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Alder, when freshly cut, is very pale, almost white in color. As it begins to oxidize, the color grows deeper and takes on golden and red tones. Heartwood occurs only in trees of advanced age. The boundary between Alder sapwood and heartwood is virtually invisible. The wood has a fine, uniform textured with a straight, yet subdued grain.

Formal Name: Alnus Rubra


Alder thrives throughout the Pacific Northwest, with growth occurring from Alaska, down through several Canadian provinces, and as far south as Southern California. It is the most abundant hardwood in the area.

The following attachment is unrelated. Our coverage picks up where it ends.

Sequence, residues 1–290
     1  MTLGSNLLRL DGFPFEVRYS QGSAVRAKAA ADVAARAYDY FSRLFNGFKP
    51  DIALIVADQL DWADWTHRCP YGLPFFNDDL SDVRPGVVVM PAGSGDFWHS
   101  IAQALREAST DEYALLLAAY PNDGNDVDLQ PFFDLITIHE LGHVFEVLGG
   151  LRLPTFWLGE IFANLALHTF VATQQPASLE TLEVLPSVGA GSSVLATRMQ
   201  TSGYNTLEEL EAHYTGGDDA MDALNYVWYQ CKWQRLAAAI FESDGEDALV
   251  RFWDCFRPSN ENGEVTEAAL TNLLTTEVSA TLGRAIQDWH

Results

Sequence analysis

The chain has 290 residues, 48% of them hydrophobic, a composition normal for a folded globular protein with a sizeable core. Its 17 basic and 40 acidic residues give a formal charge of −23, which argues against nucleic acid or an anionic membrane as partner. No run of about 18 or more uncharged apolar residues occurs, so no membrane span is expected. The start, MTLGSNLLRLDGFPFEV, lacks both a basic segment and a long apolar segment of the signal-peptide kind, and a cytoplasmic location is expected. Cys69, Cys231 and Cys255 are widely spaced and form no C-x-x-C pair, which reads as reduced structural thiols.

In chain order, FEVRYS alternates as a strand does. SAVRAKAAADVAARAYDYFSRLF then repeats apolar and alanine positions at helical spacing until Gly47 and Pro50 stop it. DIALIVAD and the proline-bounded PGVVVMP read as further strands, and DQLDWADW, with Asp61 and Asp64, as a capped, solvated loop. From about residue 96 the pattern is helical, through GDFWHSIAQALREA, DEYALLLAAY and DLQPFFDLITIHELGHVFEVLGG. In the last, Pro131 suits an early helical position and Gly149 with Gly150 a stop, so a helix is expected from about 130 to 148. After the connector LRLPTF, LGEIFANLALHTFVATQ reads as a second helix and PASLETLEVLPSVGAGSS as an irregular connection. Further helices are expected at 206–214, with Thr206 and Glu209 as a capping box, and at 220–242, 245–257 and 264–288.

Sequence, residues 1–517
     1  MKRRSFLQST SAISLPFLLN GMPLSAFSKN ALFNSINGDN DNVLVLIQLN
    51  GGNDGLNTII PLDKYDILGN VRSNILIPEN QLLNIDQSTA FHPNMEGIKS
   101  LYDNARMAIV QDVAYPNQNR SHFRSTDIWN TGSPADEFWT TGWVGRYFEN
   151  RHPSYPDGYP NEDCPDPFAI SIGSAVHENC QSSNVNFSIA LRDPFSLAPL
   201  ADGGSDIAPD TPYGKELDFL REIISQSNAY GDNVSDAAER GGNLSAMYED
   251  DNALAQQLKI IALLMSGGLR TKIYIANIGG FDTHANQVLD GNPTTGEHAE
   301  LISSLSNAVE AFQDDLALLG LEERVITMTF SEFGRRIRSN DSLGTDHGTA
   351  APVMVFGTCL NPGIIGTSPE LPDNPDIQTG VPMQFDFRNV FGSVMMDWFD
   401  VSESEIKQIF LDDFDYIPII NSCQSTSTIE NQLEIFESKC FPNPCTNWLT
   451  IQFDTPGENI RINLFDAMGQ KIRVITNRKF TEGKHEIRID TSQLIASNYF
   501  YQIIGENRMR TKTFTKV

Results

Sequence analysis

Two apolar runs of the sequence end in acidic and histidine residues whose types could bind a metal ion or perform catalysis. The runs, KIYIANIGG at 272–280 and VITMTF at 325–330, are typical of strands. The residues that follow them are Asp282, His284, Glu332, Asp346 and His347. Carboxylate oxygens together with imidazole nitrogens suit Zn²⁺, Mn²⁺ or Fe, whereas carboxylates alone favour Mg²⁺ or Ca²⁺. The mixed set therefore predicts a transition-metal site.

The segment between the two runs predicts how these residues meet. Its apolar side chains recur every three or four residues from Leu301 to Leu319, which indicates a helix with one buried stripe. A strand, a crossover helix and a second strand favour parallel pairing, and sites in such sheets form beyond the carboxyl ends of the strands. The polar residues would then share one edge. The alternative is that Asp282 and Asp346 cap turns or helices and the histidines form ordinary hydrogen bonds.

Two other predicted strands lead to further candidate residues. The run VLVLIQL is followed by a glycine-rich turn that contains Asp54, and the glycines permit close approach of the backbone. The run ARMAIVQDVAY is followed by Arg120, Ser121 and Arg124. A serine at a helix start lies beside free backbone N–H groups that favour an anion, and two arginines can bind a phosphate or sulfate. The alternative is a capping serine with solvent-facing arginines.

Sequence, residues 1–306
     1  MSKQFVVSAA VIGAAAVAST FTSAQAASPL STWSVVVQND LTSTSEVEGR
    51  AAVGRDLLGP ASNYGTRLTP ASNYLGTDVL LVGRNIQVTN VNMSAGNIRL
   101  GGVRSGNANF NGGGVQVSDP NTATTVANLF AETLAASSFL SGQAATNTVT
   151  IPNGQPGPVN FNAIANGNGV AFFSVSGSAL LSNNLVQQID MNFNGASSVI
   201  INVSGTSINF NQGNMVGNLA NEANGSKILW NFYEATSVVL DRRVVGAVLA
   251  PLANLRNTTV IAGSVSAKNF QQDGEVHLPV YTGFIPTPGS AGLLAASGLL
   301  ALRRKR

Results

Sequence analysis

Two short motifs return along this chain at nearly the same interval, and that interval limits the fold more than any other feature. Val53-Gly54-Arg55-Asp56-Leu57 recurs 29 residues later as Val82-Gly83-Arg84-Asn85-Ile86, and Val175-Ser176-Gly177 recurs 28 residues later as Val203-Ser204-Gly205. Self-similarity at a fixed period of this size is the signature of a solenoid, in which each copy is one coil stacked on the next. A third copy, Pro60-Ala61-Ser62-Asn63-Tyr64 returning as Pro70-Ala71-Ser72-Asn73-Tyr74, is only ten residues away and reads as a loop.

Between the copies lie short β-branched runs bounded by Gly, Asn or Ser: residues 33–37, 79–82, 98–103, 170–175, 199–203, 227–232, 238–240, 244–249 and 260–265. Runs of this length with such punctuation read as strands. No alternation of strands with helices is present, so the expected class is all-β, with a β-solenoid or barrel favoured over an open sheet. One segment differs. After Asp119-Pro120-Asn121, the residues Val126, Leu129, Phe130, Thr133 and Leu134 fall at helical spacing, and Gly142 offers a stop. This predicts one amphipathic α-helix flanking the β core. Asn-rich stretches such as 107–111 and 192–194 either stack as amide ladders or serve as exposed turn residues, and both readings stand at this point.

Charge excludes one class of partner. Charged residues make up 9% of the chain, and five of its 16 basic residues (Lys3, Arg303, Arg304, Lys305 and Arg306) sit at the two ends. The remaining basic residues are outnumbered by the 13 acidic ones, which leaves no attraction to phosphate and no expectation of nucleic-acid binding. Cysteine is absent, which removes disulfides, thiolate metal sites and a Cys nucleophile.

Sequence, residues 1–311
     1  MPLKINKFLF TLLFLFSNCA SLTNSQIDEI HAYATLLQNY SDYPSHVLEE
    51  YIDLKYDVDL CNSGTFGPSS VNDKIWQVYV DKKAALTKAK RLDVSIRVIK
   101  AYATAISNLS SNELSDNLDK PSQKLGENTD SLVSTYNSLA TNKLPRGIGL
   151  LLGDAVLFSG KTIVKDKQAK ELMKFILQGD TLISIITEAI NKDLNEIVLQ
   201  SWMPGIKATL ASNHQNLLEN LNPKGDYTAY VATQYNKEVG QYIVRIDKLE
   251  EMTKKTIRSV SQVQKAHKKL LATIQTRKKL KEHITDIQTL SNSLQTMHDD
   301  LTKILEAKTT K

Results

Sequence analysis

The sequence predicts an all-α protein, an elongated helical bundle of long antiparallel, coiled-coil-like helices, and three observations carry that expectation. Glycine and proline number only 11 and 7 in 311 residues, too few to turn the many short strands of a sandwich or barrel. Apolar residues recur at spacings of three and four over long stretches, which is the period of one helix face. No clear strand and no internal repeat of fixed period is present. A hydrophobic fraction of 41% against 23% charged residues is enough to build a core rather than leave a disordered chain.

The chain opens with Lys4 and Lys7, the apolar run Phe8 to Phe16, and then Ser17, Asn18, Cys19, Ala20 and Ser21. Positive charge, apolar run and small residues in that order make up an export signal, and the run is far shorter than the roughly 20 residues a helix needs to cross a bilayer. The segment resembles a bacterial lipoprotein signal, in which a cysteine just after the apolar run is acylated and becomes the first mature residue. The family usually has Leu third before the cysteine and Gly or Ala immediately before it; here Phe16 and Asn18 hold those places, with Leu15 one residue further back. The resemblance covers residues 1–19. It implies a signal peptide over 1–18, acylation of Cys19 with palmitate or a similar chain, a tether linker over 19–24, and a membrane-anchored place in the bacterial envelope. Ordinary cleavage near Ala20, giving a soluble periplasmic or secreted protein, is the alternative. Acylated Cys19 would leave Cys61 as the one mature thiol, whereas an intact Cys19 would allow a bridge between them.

Working Properties

Alder is a medium-density wood with low shock resistance and medium crushing strength. It is easily worked with both hand and machine tools and turns well. It has very good nailing and gluing properties. It is highly valued for upholstery framing, due to its stability and excellent tack- holding qualities. It stains and polishes well, producing a finish that blends beautifully with Walnut, Mahogany or Cherry. The inconspicuous grain also makes Alder an excellent choice for painting.

Main Uses

Alder is popular for use in cabinetry and furniture construction as substrate materials and also in Mission and Contemporary-styled case goods. It is commonly used as plywood core stock and for plywood paneling. Its easy turning characteristics also make it a good choice for millwork and decorative woodwork.